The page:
In The Age and Sydney Morning Herald
It's looking like we'll never see a surplus.The first Hockey budget said we would get one in 2018-19. The second said it would happen in 2019-20. Now Treasurer Scott Morrison's update says it won't happen until 2020-21.
Every year the surplus moves a year further away. It's like driving towards an unreachable horizon.
Rather than level with us about the state of the budget, Morrison and Finance Minister Mathias Cormann have chosen to make things look better where they can. Several zombie savings from the Coalition's first budget live on in the mid-year update, even though the government will probably never see the money.
The $5 hike in the Pharmaceutical Benefits Scheme co-payment is one. Health Minister Sussan Ley killed it right after the May 2015 budget, declaring she was "not going to waste time putting things through the Parliament that are going to be voted down by my colleagues". Worth $1.3 billion over four years, for the purpose of the update, it is still alive.
All up, more than $20 billion of neither dead nor alive measures remain in the mid-year update, $7 billion worth of which are in the last year of the forward estimates, 2018-19. This means that if they don't spring to life, that deficit will be $7 billion worse and a surplus still further away.
Even though the iron ore price has collapsed from about $US60 a tonne to $US37 since May, the update assumes $US39 instead of $US48, a figure that's meant to hold for the rest of the next two years. Westpac's Bill Evans thinks that's bold. After all, the iron ore price is sliding. If it did stabilise it would be somewhere below, rather than above, where it is now.
Morrison's decision to play down the bad news is understandable. He reminded us that we are about to go into Christmas. There is "fresh momentum emerging in our transitioning economy". It would be wrong to threaten it.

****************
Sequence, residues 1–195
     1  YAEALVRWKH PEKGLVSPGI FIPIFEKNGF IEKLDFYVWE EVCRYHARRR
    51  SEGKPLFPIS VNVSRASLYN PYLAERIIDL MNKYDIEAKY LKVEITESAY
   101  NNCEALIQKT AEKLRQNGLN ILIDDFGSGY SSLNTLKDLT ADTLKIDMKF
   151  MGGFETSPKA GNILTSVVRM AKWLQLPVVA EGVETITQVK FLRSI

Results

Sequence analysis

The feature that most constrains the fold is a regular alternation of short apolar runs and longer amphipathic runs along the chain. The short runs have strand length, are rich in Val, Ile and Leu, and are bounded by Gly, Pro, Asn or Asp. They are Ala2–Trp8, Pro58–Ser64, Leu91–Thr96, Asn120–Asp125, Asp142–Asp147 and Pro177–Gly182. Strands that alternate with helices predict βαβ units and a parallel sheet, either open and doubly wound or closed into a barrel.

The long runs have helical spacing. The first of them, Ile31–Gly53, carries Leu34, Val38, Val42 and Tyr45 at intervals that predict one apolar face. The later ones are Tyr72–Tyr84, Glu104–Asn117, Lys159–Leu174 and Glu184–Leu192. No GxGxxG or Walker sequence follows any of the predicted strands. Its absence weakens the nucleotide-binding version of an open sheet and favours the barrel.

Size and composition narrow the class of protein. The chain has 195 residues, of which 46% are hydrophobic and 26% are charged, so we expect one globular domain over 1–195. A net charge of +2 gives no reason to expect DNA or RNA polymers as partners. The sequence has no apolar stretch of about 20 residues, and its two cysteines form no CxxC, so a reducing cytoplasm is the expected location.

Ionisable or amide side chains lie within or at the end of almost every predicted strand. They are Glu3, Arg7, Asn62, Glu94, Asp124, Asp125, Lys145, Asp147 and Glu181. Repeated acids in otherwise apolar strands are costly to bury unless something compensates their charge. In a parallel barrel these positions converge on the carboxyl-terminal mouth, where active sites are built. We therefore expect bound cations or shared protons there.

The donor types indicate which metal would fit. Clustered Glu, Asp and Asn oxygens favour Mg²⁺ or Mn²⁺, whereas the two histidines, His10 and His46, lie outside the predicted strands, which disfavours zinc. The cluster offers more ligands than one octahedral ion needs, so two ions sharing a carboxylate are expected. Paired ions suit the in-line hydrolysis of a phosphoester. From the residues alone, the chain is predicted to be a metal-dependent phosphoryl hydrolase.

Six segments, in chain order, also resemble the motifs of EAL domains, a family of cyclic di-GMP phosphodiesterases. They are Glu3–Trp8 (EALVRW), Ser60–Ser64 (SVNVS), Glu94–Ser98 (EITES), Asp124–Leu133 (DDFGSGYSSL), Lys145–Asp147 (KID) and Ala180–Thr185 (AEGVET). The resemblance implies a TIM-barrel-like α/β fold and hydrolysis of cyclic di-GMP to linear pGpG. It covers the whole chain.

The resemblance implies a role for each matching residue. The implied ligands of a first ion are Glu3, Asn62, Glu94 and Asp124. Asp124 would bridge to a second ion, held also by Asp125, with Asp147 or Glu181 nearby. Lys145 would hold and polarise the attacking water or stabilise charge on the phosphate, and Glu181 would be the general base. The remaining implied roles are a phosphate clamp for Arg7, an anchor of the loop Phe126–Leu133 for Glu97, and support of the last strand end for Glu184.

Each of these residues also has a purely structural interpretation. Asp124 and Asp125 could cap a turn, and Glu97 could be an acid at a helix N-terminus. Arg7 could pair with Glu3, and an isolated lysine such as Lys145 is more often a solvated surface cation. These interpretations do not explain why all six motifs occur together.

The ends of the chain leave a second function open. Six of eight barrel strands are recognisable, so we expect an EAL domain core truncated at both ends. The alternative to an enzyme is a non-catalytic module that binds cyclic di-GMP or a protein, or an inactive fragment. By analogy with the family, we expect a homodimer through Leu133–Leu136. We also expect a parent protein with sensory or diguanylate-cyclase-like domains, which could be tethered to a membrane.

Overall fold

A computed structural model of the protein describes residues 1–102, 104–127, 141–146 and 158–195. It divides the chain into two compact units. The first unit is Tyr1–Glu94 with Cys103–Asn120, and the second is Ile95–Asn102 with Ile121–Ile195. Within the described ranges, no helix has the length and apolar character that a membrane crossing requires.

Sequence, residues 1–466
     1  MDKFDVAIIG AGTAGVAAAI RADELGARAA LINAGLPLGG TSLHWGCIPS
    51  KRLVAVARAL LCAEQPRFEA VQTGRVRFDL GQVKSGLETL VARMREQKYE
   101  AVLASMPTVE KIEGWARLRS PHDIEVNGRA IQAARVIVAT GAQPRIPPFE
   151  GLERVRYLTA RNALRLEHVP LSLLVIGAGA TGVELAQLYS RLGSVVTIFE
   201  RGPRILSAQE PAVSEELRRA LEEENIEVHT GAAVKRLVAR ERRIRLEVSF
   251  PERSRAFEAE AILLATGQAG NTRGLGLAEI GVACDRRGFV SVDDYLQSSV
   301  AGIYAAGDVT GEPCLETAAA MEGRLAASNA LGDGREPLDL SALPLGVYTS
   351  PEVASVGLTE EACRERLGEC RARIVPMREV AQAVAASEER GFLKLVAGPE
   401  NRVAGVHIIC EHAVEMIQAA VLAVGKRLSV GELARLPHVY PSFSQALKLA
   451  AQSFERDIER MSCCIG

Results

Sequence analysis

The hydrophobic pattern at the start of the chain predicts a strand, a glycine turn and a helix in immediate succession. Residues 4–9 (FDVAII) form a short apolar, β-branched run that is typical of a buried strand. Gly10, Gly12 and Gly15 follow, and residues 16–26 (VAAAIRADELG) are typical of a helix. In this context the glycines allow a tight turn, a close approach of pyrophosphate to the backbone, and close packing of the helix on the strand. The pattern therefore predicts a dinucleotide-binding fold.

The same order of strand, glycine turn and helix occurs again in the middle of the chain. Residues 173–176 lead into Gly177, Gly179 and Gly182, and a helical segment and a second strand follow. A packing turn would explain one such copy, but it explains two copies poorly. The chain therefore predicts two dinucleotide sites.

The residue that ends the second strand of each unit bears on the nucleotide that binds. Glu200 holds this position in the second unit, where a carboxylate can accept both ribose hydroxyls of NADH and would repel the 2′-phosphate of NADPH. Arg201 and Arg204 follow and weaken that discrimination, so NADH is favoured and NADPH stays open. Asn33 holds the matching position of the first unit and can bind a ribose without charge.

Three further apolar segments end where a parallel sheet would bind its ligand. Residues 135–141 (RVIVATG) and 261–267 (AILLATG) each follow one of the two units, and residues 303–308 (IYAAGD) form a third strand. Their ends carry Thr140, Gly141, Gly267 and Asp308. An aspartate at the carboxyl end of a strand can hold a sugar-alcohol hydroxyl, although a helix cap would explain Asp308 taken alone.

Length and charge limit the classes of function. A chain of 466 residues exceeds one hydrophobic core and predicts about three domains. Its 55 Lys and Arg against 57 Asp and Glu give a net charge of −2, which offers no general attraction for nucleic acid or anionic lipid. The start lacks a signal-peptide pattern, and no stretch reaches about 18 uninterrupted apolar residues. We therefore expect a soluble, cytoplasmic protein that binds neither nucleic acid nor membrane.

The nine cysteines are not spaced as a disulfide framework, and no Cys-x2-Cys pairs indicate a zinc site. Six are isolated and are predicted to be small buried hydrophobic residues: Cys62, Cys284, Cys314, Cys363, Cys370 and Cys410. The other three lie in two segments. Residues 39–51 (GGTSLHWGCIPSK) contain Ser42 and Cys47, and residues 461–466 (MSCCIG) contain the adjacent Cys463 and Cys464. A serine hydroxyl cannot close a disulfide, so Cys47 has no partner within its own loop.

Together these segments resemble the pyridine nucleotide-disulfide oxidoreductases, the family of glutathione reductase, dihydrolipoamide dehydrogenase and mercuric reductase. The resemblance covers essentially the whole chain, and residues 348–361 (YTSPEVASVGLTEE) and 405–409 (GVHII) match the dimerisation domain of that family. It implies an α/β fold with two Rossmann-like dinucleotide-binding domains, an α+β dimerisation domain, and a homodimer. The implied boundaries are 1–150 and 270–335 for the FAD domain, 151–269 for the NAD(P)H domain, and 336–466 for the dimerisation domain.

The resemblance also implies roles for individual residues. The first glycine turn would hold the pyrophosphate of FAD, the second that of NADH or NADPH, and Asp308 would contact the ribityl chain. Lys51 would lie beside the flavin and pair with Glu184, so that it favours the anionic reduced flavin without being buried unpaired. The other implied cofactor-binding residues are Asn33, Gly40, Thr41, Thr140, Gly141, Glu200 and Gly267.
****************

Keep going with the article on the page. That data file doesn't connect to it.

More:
It would certainly be wrong to hack into the budget, and Morrison hasn't. The announced savings do little more than compensate for the extra spending announced since May. Seriously cutting in order to return quickly to surplus would "have consequences".
The Treasurer didn't spell them out. The worst would be to snuff out the emerging economic recovery and bring closer the prospect of a recession. The recovery we've had so far is fragile. Even the boost in employment is centred in one state if we are to believe the Bureau of Statistics.
While the update has boosted the outlook for employment (the unemployment rate should fall to 5.5 per cent by mid-2017), it has downgraded nearly everything else. The economy will grow by 2.5 per cent this year instead of the earlier forecast of 2.75 per cent. Next year it will grow by 2.75 per cent instead of 3.25 per cent.
We are going to have to address the deteriorating budget outlook soon, even if the outlook remains fragile. The best way to do it would be to introduce measures that will take effect slowly, in the future. Next year's tax white paper provides the perfect opportunity.